6 Foods Health Experts Frequently Want Diabetic People To Avoid — And Why

Different foods provide each of the main macronutrients that give us energy: carbohydrates, fats, and proteins. There are more and fewer healthy types of each of these foods, and having a healthy, balanced diet can help many people manage the hallmark symptoms of diabetes and reduce the risk of complications.

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By Cookist
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People with diabetes are advised to stick to a peculiar diet that prevents an aggravation of their symptoms. Below, we have outlined some common foods to avoid when battling diabetes and why.

1. Refined Carbs

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Refined carbs, or refined starches, are broken down through processing before reaching our plates. As a result of this processing, the body quickly absorbs the carbs and converts them into glucose. This increases blood sugar, and it means that a person may feel hungry again soon after a meal.

For people with diabetes or a risk of the condition, some examples of carb sources to limit include: white rice and anything made with white flour only, such as white bread, white pasta, some cereals, some crackers, and many baked goods.

2. Sugars

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Sugary foods mostly contain sugar and low-quality carbohydrates. They often have little or no nutritional value and can cause sharp spikes in blood glucose. Sugar can also contribute to weight gain and the risk of heart disease and stroke. Foods that are often high in sugar include baked goods, such as doughnuts, croissants, cakes, and cookies, as well as pizza dough. Many premade items in grocery stores contain added sugar, and this may not be obvious on their ingredients labels.

3. Whole Grains And Fiber

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The body does not absorb all the carbs from whole grains. And those that it does absorb the bloodstream more slowly than processed carbs. For this reason, carbs from whole grains are less likely to cause blood sugar levels to spike. They lead to the person feeling fuller for longer.

Whole grains contain fiber.

Although fiber is technically a carbohydrate, it does not break down into glucose in the body and does not add calories. Fiber is a healthy carb. Examples of whole grains include brown or wild rice, barley, quinoa, oatmeal, amaranth, and millet.

4. Fruits and Vegetables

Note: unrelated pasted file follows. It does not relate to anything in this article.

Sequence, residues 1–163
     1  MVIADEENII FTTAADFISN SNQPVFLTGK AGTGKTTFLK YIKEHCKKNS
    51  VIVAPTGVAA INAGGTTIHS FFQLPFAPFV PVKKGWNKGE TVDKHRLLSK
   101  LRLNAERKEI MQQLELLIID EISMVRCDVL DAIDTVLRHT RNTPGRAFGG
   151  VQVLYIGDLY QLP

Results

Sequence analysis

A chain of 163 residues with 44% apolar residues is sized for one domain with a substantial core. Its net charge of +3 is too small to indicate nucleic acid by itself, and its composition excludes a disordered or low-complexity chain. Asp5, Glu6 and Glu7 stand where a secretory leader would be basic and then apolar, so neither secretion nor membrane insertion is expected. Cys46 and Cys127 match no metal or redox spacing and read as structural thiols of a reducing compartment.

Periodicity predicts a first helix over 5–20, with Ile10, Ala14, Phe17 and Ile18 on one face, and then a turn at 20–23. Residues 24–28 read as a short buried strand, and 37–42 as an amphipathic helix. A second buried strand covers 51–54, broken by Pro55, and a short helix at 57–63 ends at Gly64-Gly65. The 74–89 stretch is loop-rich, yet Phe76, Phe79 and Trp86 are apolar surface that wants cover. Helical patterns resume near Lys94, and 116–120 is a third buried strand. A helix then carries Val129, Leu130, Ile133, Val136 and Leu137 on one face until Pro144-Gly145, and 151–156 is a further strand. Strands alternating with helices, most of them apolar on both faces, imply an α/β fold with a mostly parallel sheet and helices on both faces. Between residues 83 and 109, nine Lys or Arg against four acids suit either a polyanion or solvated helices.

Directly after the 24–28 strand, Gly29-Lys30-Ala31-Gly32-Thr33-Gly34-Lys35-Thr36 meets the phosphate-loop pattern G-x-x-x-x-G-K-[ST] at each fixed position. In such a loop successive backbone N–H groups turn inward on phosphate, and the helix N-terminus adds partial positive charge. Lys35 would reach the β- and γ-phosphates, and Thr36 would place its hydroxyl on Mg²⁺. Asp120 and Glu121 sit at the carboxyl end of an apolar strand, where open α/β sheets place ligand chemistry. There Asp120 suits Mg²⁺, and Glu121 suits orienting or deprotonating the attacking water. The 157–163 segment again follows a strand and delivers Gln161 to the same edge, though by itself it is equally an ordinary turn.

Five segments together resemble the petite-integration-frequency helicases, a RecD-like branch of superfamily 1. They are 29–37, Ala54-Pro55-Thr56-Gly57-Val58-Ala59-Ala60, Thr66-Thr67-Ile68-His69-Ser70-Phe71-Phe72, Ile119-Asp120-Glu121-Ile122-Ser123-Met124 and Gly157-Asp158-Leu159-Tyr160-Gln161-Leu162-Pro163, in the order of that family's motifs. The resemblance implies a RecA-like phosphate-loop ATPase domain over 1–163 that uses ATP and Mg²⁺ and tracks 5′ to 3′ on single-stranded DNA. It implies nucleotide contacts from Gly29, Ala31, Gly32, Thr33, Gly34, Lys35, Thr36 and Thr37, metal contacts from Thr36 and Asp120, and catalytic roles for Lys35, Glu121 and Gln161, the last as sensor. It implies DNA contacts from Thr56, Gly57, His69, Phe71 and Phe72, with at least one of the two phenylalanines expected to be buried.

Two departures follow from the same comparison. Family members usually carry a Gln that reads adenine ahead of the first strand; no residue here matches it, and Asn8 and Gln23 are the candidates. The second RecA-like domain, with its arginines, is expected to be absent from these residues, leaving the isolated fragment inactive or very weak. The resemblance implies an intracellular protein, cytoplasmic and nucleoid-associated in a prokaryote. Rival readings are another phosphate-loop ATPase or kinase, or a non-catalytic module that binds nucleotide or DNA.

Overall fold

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Fruits may cause blood sugar levels to rise, but this increase is less severe than it would be after eating a sugary snack. That's because fruits contain high-quality carbohydrates and fiber, like nuts and legumes, such as beans, peas, and lentils.

Therefore, these foods may help slow the absorption of glucose. Some ideal options are fresh, whole fruit; raw, steamed, roasted, or grilled non-starchy vegetables; frozen or canned vegetables, as long as they are unsalted or have low sodium; canned or frozen fruit with no added sugar, including syrup and unsweetened applesauce.

5. Processed or Fatty Meats

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Eating even small amounts of red meat, such as beef, pork, or lamb, may increase the risk of diabetes. People with diabetes should consider avoiding or limiting the intake of breaded, fried, and high-sodium meats, processed meats, such as bacon, hot dogs, deli meats, ribs, and other fatty cuts of meat, poultry with the skin on, and deep-fried fish.

6. Unhealthy Fats

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Unhealthy fats can increase cholesterol levels and contribute to insulin resistance. This may increase the risk of developing diabetes or contribute to blood sugar spikes in people who have the condition. Saturated fat mainly exists in animal products, oils, and processed foods.

A person should consume less than 10% of their daily calories from saturated fat. Some foods with high saturated fat contents include butter, lard, certain oils, palm oil, cream-based dressings and dips, full-fat mayonnaise, french fries, breaded and battered foods, potato chips, and many others premade meals, burgers, most fast foods, and many salad dressings.

The key to healthful eating is to choose appropriate, healthy foods from each food group and to avoid processed foods that may contain high levels of sugar, sodium and fat. Also, expert recommendation is that people with diabetes have a registered dietitian develop a healthy eating plan that works for them.

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